El Paso filmmaker Juan Paul Flores Vazquez was brought to the United States from Mexicali, Mexico, when he was 3. At age 16, he became a recipient of the federal Deferred Actions for Childhood Arrivals program, an Obama-era initiative that allows some undocumented immigrants to apply for a renewable, two-year work permit and a reprieve from deportations proceedings.
Upon learning that a federal court found DACA unlawful earlier this month, Florez Vazquez, now 22, said he felt a familiar wave of anxiety wash over him.
“I have to get a renewal (of DACA) at the moment,” he said. “There’s always that fear that I’m going to wake up or I’m going to get a text or I’m going to see a tweet that says pending (renewals) are now denied. That’s always in the back of my mind.”
The latest ruling by Texas-based U.S. District Judge Andrew Hanen doesn’t affect current recipients or renewals but bars new and pending applications. For El Paso’s immigrant community, Hanen’s decision was just the latest heartbreaking development in what has been a saga of varying rulings and executive orders about the federal program.
“It has just been devastating for our clients,” said Brooke Bischoff, a contract attorney at Las Americas Immigrant Advocacy Center. Bischoff represents more than a dozen clients who were in the process of applying for DACA prior to the new ruling.
As of March 2021, there were 101,970 DACA recipients in Texas and 231,000 people immediately eligible to apply for the program, according to the Migration Policy Institute’s analysis of United States Citizenship and Immigration Services data. As of the end of June, there were 81,000 pending first-time DACA applications, according to CBS News.
“These are people who DACA would have given them access to getting a driver’s license, or to applying for school, or having healthcare,” Bischoff said.
DACA recipients may also be able to access health insurance through employment or university healthcare plans. Although DACA recipients are not eligible for Affordable Care Act benefits, they are able to access state-funded Medicaid or CHIP programs in some states outside of Texas.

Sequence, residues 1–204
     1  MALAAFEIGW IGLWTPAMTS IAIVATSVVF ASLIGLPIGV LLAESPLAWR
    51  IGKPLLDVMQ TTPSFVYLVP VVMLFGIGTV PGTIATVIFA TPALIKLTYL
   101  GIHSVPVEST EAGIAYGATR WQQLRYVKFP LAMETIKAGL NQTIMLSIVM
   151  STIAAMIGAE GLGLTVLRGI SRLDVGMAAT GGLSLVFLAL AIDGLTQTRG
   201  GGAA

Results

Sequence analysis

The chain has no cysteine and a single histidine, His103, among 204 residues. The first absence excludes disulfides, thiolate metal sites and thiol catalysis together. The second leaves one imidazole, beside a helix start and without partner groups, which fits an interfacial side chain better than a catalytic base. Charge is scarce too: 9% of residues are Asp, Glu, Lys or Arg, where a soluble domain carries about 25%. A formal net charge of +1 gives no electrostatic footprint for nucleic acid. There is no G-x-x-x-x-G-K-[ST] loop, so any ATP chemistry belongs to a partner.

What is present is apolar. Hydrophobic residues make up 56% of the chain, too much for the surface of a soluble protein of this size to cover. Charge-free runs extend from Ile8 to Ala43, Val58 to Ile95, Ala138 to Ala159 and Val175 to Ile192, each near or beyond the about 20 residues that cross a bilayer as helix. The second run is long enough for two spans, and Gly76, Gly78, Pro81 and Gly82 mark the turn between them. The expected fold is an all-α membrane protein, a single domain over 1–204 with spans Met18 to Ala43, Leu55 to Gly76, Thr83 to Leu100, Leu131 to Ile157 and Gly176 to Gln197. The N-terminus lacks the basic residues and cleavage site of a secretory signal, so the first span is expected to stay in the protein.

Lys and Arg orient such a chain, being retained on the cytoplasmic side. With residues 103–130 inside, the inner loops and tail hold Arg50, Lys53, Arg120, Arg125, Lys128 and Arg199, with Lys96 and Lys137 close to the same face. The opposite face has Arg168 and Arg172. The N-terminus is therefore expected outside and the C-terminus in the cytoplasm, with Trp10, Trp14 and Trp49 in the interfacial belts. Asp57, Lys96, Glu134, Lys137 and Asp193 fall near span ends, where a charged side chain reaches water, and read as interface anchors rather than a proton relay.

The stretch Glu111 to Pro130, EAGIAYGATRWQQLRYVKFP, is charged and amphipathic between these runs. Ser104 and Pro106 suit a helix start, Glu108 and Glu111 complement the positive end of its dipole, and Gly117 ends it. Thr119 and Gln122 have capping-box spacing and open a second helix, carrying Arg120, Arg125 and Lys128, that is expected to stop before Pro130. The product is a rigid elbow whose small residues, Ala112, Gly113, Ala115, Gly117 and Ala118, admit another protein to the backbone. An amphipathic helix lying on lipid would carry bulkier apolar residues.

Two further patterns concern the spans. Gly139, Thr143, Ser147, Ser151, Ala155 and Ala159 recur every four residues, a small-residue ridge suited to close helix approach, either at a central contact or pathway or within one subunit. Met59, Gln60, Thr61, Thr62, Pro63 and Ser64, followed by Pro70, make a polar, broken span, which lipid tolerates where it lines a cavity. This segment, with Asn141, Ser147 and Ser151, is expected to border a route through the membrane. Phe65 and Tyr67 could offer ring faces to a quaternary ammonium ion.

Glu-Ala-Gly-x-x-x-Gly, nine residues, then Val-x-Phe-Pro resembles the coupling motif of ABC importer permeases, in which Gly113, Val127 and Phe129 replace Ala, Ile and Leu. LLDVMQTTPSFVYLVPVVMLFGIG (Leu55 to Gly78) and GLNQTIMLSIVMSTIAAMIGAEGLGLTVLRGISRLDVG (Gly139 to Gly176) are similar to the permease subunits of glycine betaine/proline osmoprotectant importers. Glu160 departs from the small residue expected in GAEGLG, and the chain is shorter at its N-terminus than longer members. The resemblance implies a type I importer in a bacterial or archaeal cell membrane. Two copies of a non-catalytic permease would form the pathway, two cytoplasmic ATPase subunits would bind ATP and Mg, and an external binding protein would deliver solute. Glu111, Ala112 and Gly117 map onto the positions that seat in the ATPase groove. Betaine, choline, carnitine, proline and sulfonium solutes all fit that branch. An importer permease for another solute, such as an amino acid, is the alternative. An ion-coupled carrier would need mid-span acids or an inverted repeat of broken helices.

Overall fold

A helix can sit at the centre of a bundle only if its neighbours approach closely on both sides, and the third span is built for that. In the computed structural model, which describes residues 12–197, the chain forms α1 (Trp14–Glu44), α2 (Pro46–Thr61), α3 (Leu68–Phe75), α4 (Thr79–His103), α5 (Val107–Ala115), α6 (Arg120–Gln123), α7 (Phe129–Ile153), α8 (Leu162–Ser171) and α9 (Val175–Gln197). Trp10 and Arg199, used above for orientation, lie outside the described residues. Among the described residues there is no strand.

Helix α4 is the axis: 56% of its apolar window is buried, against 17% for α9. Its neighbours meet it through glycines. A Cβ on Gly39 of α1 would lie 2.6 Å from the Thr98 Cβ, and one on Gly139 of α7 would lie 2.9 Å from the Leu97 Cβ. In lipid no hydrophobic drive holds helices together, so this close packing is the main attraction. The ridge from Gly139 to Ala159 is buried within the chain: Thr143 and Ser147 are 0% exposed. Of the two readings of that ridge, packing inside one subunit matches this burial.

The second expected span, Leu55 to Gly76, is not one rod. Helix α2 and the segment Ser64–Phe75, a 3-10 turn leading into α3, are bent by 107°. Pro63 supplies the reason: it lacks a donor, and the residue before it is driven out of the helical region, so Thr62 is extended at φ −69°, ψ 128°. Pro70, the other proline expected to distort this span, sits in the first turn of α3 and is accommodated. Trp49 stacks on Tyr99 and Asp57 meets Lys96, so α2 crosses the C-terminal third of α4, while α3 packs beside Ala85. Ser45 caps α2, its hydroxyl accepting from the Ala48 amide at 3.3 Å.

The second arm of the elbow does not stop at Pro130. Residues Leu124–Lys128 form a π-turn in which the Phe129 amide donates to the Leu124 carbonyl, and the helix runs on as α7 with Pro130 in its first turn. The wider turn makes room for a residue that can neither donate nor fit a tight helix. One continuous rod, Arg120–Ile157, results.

Bischoff said she has several client cases where the DACA applicant is either physically or mentally disabled, and is in the care of someone who is assisting them in their application.
“Having DACA would have opened up a range of medical and educational and possible other social services for them that now are potentially off the table again,” she said.
This is not the first time that the DACA program has been in jeopardy since former President Barack Obama announced the program through an executive memorandum in 2012. Former President Donald Trump announced plans to end the program in 2017, which prompted multiple lawsuits challenging his administration’s plans.
What followed was a teeter totter of court rulings, presidential actions and failed Congressional efforts to pass legislation like the DREAM Act that would protect immigrants who don’t have legal status. In July 2020, the Trump administration announced that it would stop accepting new DACA applications, despite an earlier Supreme Court ruling that blocked the administration’s efforts to stop the program. Among President Joe Biden’s first executive actions upon taking office in January 2021 was a memorandum to reinstate DACA and re-open the application process.